Michele Kramer, WLUFA President
(Posted on behalf of Michele Kramer, WLUFA President.)
The message below has been circulated to faculty associations across the country. It offers an overview of the state of our current Contract Faculty negotiations and the issues that are keeping the Parties apart at the table.
Please note that, since this message was sent out, the Administration has filed for conciliation (What is “conciliation”?). This is a recent event and so, as of today, we do not yet have news re: a conciliator being appointed, nor an idea of when conciliation might take place.
I am keeping in touch with student leaders and with our student newspapers in order to (hopefully) give them a clear idea of what our strike vote, and the move to conciliation, means. You might, however, still be asked questions. Both Parties view strike or lock-out as a last resort. Please assure your students of that and let them know that they are free to direct questions to me if they feel that they need more information — [email protected]
WLUFA is hoping for your continued support of Contract Faculty as they fight for a fair conclusion to these negotiations.
I thought I’d take a few minutes of your time to update you on recent developments in WLUFA’s negotiations for a new Collective Agreement for our Contract Faculty.
Bargaining has now slowed almost to a standstill with the Association’s three main priorities for Contract Faculty still left inadequately addressed: Compensation, Job Security, Access to Benefits (please note that I said “access” to benefits — not benefits themselves). In answer, the Association called for a strike mandate vote. Members voted 95% in favour of the Executive initiating job action, if necessary.
The issues are as follows:
On Compensation: Figures published by our own Administration show that, of all employee groups on campus, Contract Faculty have had one of the lowest percentage wage increases since 2008. In comparison with the majority of employee groups, the difference in percentage increase is staggering. WLUFA has proposed an adjustment amount to rectify this inequity. The employer is proposing an increase that is basically equal to the current rate of inflation (that is, essentially a net gain of 0%), which would result in Contract Faculty falling even further behind.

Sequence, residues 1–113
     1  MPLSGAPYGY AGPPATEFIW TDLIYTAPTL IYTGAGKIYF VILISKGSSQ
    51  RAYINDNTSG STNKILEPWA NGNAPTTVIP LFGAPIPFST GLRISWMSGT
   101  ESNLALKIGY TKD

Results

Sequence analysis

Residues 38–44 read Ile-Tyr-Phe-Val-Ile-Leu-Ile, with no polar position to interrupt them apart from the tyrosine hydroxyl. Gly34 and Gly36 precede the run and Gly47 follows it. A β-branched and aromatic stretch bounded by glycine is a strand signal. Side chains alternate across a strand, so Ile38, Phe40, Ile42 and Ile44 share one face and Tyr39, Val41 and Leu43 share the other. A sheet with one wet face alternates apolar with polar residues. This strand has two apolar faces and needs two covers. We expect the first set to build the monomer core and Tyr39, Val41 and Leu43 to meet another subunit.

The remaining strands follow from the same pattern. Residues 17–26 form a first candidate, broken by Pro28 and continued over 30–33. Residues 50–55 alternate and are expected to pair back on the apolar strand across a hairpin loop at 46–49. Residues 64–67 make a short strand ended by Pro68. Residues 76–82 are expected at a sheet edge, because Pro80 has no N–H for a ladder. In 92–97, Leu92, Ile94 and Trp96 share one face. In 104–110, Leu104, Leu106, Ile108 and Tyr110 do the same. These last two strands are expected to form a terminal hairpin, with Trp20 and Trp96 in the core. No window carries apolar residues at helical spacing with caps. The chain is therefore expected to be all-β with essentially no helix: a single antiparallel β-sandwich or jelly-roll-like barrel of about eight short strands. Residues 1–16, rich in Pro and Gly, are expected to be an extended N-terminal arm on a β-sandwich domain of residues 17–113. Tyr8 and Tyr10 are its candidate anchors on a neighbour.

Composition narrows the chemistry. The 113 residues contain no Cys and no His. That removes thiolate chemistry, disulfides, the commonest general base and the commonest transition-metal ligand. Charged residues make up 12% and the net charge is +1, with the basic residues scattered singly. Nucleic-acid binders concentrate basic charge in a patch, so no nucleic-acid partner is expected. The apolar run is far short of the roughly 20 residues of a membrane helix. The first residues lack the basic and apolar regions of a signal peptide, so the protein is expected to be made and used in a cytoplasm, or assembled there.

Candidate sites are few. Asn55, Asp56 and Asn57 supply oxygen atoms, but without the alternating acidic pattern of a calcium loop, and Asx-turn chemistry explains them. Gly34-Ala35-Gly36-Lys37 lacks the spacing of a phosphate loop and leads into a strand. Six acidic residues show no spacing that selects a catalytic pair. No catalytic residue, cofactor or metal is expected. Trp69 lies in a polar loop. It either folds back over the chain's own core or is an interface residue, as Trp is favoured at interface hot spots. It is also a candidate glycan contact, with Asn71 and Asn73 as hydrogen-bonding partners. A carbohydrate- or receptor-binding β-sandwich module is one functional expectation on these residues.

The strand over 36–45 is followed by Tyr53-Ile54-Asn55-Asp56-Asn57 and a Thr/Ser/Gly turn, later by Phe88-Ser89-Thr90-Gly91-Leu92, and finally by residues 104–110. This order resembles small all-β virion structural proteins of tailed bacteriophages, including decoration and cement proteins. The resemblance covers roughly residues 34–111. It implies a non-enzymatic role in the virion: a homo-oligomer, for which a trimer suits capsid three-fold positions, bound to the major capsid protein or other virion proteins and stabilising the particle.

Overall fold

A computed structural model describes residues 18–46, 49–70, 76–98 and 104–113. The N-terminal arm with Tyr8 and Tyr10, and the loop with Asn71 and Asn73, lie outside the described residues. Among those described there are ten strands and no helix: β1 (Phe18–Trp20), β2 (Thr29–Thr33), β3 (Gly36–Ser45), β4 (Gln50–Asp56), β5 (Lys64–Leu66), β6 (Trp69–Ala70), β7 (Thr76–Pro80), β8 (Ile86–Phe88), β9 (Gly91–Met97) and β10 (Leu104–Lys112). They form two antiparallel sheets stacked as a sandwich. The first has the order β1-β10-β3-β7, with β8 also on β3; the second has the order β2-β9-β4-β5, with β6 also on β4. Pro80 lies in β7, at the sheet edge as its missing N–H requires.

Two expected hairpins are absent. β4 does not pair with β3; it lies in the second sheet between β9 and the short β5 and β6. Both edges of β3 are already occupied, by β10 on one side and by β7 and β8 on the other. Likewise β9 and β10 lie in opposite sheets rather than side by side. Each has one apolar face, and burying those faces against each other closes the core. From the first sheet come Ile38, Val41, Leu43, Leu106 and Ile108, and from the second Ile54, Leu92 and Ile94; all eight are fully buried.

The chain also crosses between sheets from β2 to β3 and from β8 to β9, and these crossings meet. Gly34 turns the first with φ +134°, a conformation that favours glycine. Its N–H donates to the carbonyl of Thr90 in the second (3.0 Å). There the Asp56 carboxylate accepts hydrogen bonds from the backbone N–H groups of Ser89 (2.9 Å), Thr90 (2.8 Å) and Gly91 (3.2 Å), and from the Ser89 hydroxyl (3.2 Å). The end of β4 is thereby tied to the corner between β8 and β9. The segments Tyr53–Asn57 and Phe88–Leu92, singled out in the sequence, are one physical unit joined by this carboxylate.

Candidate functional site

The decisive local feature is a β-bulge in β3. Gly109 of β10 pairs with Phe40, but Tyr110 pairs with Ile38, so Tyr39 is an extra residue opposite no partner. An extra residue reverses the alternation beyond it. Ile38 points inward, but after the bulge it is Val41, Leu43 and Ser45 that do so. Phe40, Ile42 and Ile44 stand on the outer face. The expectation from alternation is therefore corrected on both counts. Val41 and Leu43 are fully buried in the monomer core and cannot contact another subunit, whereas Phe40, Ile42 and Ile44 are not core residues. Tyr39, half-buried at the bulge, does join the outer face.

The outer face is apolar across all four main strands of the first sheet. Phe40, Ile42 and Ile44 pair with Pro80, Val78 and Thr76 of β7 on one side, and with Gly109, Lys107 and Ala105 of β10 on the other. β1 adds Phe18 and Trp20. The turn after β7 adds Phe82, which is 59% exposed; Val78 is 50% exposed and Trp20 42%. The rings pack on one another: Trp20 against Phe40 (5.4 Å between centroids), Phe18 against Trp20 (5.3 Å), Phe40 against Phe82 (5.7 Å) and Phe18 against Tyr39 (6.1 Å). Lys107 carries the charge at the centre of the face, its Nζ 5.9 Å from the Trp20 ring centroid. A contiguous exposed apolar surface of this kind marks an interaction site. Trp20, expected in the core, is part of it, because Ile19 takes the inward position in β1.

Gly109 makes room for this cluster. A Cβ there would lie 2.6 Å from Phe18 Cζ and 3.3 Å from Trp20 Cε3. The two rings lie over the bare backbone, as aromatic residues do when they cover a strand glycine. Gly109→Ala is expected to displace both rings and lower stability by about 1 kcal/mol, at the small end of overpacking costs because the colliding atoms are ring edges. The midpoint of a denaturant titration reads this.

On Job Security: WLUFA has proposed a Continuing Instructor position, improvements to our current Standing Appointments, and year-ahead contracts that would allow Contract Faculty to know what their year at Laurier will look like and be able to plan at least 12 months ahead — both for themselves and their students. The employer has rejected the Continuing Instructor proposal and is insisting that any other discussions re: job security be tied to increasing the number of Agreement-exempt courses offered to PhD students and postdocs. In effect, then, we are being asked to tie our negotiations for job security to a more insecure pool of teaching available to our members. Additionally, the Administration’s proposal must be read as a shifting of responsibility for the funding of some doctoral and post-doctoral work onto the shoulders (and out of the pockets) of our Contract Faculty.
WLUFA has also expressed concerns that Laurier’s push to make doctoral students responsible for the development and teaching of their own courses after only two years in their programs not only jeopardizes students’ ability to complete doctoral degrees within a reasonable amount of time, but also likely guarantees that graduates will be thrust into the world of precarious employment. As we know, teaching responsibilities steal valuable time away from the hours needed for conference work and the preparation of one’s own publications.
On Access to Benefits: Some progress has been made in this discussion, however the employer would like to limit access to only a specific group of our members — those who teach five or more courses. This might make sense if we were asking for employer-funded benefits — but WLUFA is proposing ONLY that more of our members have the ability to buy into university-sponsored plans with money out of their own pockets. The Administration’s unwillingness to move on this is completely unacceptable.
As we move forward, I will try to keep you as up to date as possible.
Thanks all, for your time.